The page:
There’s Always Tomorrow – Episode 15

The main characters from the story Illustration: Sailesh Thakrar

“Bravo!” Helen cried. 

“But you’re English!” Larry laughed. “You should be hissing and booing.” 

“No way. I’m with these feisty women. Was that story your surprise?” 

Helen felt almost part of the tale. The escape route the minister’s wife and her maid had taken could have been along the path only a few feet away. 

“That was the end of the first part,” Larry said. “In the interlude between acts we can have our picnic. I brought some scones.” 

“Where did you buy them?” she asked. “Inverbervie?” 

It was a source of frustration to her that there was no local shop, and every top-up of food would need a trip to Inverbervie or Stonehaven. 

“Buy them? I made them,” Larry declared. 

“You can bake?” Helen was astonished. 

“I’m a sergeant,” he said grandly. “Trained to cope with all emergencies.” 

Lorna found the library in Montrose and was a little disappointed not to find the dragon lady from Wullie’s tale. 

Instead, a pleasant-faced librarian steered her to the reference books. 

Perhaps the dragon lady had existed only in Wullie’s mind, from his boyhood days. As a farmer, he was unlikely to have found much time to read. 

She browsed along the shelf, selecting two books on 19th-century social history. 

There was nothing in the first, and a three-page reference to co-operatives in the second. 

There was little there she didn’t already know, but it was useful to have a quick refresher course. 

Carefully replacing the books, she searched again.  


“Have you found what you’re looking for?” the librarian asked, materialising at her elbow. 

“No,” Lorna admitted. “I’m trying to find out how to set up a co-operative enterprise for a rural village.” 

The librarian frowned. 

“Why do you want to set up your own co-operative?” she asked. 

“To provide a shop,” Lorna explained. “I live in a village behind Inverbervie where the only shop closed down years ago.  

“Everyone is dependent on their car or ordering online. There’s nowhere to buy small bits and pieces.”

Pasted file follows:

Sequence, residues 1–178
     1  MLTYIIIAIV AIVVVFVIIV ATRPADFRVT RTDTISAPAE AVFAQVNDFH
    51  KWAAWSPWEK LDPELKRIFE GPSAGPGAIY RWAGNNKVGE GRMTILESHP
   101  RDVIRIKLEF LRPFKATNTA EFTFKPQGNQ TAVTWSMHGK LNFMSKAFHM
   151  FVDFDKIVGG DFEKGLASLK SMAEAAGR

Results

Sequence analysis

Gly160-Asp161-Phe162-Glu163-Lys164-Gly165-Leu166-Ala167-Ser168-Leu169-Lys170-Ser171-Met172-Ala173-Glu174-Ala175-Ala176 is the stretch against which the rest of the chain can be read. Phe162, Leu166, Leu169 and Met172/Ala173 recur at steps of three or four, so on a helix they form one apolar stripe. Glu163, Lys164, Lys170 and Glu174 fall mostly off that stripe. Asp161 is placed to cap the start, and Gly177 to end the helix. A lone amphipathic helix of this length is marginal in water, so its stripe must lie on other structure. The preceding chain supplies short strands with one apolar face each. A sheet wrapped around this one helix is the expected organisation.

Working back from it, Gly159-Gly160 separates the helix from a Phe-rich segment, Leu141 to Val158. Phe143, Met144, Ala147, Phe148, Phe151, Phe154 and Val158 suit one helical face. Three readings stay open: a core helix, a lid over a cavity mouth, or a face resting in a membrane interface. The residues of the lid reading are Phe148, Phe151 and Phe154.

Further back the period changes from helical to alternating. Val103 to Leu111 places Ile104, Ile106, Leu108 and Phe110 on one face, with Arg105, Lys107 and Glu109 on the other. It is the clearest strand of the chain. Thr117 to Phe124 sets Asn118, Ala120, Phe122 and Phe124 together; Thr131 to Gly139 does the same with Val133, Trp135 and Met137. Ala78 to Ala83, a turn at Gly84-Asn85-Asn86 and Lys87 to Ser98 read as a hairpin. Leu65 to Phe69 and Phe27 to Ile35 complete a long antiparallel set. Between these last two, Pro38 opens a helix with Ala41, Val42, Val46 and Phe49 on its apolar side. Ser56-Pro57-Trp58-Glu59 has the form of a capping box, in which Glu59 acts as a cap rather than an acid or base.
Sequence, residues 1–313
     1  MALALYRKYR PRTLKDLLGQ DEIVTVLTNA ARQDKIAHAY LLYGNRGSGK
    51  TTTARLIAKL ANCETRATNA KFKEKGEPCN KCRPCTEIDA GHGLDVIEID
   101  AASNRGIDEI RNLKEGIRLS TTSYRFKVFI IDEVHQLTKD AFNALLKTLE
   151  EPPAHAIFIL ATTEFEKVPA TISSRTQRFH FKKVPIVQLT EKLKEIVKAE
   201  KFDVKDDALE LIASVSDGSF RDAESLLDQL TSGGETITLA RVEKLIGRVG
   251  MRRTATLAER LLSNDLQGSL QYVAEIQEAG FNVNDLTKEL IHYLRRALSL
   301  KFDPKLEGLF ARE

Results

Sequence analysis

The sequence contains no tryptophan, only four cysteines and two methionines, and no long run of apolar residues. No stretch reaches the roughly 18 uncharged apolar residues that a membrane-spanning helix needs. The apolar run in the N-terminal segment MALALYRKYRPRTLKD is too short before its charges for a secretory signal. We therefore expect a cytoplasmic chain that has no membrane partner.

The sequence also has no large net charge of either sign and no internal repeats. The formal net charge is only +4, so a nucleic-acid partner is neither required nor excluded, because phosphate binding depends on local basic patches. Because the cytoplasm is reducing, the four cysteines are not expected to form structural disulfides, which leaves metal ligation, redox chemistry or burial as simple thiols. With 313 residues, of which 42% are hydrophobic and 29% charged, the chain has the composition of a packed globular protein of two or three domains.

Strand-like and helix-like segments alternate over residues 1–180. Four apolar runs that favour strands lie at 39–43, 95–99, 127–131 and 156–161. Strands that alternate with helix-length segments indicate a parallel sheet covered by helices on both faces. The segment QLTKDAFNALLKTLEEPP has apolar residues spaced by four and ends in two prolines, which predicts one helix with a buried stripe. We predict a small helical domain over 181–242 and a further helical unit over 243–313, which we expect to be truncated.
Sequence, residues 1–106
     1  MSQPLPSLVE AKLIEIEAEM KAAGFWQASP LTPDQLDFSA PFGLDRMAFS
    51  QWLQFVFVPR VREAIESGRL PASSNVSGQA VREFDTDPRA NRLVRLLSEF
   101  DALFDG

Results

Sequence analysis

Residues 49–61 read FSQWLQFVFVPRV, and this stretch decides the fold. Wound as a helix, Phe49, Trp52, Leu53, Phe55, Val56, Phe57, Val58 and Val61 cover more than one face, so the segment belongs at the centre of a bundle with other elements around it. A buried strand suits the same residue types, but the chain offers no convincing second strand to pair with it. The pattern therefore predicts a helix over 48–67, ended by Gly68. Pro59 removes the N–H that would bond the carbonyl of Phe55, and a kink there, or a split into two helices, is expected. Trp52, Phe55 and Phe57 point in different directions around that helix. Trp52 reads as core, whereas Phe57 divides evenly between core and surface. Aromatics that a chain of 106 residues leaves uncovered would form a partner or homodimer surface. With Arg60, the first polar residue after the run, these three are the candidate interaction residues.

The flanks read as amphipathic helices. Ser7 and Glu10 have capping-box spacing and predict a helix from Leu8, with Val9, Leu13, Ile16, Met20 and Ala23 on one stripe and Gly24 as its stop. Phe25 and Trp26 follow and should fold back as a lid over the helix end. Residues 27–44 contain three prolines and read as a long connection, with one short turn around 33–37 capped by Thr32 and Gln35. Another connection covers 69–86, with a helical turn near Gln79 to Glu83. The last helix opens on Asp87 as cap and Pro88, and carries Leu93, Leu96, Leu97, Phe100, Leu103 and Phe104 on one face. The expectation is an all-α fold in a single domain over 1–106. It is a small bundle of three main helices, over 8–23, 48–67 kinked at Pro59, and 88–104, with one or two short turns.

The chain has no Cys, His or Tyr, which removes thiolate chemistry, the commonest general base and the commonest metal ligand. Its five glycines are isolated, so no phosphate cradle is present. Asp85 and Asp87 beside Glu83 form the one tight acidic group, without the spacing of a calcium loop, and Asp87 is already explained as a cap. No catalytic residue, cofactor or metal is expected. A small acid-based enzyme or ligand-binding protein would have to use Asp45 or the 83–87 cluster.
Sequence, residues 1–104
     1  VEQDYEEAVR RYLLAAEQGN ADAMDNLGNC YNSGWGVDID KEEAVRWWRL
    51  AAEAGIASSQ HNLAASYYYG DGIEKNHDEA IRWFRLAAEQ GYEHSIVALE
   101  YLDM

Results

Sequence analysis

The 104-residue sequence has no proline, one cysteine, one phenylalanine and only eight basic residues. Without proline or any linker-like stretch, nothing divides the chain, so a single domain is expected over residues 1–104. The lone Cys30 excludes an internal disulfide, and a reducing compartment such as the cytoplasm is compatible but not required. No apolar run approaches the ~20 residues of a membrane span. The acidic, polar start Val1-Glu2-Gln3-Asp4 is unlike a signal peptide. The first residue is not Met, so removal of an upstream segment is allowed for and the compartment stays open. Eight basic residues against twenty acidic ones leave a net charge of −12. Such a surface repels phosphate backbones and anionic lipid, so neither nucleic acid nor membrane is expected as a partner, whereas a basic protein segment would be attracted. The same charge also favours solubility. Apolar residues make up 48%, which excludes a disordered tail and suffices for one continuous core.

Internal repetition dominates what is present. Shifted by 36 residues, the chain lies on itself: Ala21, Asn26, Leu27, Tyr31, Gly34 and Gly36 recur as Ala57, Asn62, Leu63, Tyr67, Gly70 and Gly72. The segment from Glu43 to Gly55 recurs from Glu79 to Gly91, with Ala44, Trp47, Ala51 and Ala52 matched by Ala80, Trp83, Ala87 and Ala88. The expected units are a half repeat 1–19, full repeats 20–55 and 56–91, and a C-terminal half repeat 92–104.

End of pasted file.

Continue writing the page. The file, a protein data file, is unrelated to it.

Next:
“But if the previous shop failed, are there enough customers to support a replacement?” 

“My thinking is to reopen it to provide a service for locals, not to earn a profit,” Lorna explained.  

“If the shop provides a range of basic goods, that will surely attract some customers.” 

“It’s not a co-operative you need,” the librarian informed her. “It’s a community shop. They’re springing up all over, especially in rural areas. 

“They’re run by the locals for themselves and as a focal point for the community.  

“It’s a place where people can meet to have a home-made cake and a cup of coffee.” 

“That’s exactly what I’m looking for!” Lorna cried. “Have you anything on these community shops?” 

“Not in the shape of books.” The librarian smiled.  

“But if you Google ‘community shops’, there’s bound to be information.” 

Lorna groaned. 

“I haven’t got myself a computer yet.” 

“We’ve a couple of computers here in the library for a small charge.” 

“I’ll pay it,” Lorna said immediately. “Whatever it costs.” 

“Let’s find out first if it’s worth paying.” The librarian smiled. “Then set the charge.” 

She led the way to a table where a couple of old computers sat, then sat down and keyed in the library security code. 

They waited for what seemed like an eternity until the screen responded. 

“In a perfect world, we would have funds to replace these every few years.” The librarian sighed.  

“But there’s so little cash to spare that we’re left with these two which came off Noah’s Ark.” 

She prodded the keyboard a couple of times and was rewarded with a Google search menu, then entered the words Community Shops. 

The librarian glanced down the entries. 

“There’s lots of stuff,” she said. “And there seems to be a foundation to give guidance on starting up your own. 

“I’ll leave you to search through what’s here,” she went on. “Take your time.” 

The computer behaved even more slowly for Lorna’s less-experienced hands, but she read, utterly absorbed, for an hour. 

Then she filled in an application form to the Plunkett Foundation, asking for further information and a starter pack. 

She typed in her new address for the first time, then looked at it. 

Even on the screen, it was starting to sound a bit more like home. 

To be continued…

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